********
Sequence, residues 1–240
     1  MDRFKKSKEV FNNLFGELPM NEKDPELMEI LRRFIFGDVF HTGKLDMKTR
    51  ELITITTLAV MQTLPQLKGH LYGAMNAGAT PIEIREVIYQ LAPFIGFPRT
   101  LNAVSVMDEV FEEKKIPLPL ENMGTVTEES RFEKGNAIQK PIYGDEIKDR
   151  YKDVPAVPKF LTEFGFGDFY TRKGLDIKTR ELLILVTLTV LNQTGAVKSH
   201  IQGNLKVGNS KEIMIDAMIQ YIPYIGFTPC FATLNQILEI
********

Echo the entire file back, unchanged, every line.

Sequence, residues 1–240
     1  MDRFKKSKEV FNNLFGELPM NEKDPELMEI LRRFIFGDVF HTGKLDMKTR
    51  ELITITTLAV MQTLPQLKGH LYGAMNAGAT PIEIREVIYQ LAPFIGFPRT
   101  LNAVSVMDEV FEEKKIPLPL ENMGTVTEES RFEKGNAIQK PIYGDEIKDR
   151  YKDVPAVPKF LTEFGFGDFY TRKGLDIKTR ELLILVTLTV LNQTGAVKSH
   201  IQGNLKVGNS KEIMIDAMIQ YIPYIGFTPC FATLNQILEI